Lifestyle

Small talk can be a big help

New research claims daily doses of chit-chat can actually prevent bad behaviour, exploitation and reduce stress levels.
New research claims daily doses of chit-chat can actually prevent bad behaviour, exploitation and reduce stress levels. Scottie Simmonds

HAVE you heard the latest on gossip?

Next time you're spreading word around the office water cooler or dishing the dirt over coffee, don't feel too bad as gossiping can actually be good for your health.

New research from the University of California Berkeley says daily doses of chitchat can actually prevent bad behaviour, exploitation and reduce stress levels.

"Gossip gets a bad rap, but we're finding evidence that it plays a critical role in the maintenance of social order," UC Berkeley social psychologist Robb Willer said.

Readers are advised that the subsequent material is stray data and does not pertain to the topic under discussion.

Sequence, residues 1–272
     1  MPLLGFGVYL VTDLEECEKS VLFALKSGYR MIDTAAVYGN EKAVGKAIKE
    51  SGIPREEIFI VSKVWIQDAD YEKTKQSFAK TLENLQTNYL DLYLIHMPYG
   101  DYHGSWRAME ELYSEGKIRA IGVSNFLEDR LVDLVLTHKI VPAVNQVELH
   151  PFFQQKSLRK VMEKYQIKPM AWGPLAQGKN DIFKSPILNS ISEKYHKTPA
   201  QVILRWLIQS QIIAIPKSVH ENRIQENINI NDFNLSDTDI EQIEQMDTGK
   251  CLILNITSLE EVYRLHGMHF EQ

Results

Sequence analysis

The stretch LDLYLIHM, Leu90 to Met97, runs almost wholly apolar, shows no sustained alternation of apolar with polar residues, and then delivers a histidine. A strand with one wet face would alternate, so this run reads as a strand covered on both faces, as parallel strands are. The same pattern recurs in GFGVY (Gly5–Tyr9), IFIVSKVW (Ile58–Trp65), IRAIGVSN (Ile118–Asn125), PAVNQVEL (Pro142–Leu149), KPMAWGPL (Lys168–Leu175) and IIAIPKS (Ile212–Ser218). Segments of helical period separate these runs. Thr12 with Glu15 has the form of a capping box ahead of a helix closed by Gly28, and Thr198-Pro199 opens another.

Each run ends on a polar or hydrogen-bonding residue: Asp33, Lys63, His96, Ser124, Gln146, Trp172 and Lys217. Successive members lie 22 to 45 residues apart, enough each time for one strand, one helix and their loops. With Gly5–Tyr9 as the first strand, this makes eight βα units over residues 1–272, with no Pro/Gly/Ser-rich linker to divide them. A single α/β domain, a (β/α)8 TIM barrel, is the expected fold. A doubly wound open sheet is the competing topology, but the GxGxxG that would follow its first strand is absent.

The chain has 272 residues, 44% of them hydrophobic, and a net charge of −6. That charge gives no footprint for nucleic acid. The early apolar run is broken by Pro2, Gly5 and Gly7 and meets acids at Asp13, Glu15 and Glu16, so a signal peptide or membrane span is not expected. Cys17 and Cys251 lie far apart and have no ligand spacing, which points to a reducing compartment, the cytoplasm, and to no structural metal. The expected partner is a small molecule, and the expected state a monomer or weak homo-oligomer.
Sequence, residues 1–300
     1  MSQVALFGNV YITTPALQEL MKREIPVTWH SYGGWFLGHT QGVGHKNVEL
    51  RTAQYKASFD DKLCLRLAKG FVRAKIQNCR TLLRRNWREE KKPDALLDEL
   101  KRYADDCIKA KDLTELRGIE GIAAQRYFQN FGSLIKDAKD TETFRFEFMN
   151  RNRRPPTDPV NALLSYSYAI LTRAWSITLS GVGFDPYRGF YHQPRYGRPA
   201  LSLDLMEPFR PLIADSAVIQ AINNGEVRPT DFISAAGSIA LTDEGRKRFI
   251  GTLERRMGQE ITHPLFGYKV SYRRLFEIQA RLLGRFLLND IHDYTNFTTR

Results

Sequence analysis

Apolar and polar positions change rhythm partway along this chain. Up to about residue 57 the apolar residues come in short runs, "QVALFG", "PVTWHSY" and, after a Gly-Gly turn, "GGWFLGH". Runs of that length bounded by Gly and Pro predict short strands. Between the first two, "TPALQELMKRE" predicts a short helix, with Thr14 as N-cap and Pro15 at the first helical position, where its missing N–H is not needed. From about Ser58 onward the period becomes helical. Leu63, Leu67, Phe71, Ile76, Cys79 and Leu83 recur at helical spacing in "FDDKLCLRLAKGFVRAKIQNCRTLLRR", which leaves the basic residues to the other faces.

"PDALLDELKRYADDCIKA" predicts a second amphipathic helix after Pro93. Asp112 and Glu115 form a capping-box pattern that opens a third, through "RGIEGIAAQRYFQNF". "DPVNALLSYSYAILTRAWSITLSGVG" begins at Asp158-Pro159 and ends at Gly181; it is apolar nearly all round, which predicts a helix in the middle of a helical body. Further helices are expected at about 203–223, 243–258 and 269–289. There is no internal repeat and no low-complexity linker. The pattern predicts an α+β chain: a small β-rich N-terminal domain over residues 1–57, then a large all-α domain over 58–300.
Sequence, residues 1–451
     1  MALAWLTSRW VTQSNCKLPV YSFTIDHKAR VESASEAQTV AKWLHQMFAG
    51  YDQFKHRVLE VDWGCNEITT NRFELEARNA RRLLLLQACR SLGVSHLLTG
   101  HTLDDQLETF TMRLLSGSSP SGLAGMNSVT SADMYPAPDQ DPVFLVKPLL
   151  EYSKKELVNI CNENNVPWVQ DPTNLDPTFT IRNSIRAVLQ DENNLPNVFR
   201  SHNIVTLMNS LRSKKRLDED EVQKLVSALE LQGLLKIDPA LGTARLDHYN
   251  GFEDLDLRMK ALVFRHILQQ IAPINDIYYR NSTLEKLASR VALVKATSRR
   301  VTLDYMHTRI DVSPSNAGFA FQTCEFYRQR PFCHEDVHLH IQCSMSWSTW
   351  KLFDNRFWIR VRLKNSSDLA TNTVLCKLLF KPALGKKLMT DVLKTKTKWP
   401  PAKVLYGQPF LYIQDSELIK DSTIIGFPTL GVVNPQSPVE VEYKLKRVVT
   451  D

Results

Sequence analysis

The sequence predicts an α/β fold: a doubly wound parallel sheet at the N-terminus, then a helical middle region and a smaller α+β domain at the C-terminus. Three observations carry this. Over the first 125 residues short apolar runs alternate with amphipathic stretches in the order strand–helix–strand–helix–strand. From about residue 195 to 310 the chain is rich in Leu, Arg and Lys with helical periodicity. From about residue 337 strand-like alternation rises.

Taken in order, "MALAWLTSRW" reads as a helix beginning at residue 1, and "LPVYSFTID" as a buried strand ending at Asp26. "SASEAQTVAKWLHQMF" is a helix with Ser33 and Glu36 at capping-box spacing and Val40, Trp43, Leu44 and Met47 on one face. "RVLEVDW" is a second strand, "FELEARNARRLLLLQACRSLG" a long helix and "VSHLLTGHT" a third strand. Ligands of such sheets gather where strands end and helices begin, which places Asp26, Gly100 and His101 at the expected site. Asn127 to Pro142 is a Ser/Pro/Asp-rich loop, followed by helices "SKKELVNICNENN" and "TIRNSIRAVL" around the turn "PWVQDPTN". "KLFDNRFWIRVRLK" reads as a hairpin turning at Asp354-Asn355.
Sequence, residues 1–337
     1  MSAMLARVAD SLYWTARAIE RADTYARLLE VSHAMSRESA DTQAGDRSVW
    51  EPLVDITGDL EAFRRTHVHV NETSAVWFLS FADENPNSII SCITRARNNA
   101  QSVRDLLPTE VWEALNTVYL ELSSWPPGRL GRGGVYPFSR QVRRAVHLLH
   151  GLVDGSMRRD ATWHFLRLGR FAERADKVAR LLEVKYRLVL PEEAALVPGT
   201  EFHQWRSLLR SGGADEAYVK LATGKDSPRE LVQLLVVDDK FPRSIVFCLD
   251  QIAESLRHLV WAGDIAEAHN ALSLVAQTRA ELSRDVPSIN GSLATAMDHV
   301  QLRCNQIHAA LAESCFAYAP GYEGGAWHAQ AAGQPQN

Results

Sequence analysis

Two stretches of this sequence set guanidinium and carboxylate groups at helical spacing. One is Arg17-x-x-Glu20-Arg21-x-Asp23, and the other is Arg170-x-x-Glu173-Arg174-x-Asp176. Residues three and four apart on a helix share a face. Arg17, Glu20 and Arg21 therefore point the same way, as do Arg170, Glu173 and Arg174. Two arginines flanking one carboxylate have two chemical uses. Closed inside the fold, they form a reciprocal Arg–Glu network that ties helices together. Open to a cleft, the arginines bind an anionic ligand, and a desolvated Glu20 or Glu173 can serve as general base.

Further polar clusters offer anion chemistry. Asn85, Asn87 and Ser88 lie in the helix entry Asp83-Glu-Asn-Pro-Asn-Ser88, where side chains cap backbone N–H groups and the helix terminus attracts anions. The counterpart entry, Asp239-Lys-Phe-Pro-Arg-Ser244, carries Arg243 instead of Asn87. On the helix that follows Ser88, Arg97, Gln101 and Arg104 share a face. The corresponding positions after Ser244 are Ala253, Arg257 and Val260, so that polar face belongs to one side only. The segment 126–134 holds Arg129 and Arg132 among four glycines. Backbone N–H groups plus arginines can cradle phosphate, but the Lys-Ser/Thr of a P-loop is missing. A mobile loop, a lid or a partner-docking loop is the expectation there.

The study also found that gossip could be therapeutic. Volunteers' heart rates increased when they witnessed someone behaving badly, but this increase was tempered when they were able to pass on the information to alert others.

"Spreading information about the person whom they had seen behave badly tended to make people feel better ," Mr Willer said.

Self-confessed gossiper and Noosa identity Jayne Keogh believes gossip can be good for you.

She said hot topics for gossiping women included men, sex, fashion, make up, and of course, other women.

"It can be a chance to get all that negative energy out and allow us to focus on things," she said.

"It's just a way that women help to solve problems... it's a way of communication."

She said social media was responsible for taking gossip to a whole new level.

"Social media makes it easier because you don't have to be there in the room. It's definitely raised the bar," she said.

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Topics:  gossip, health


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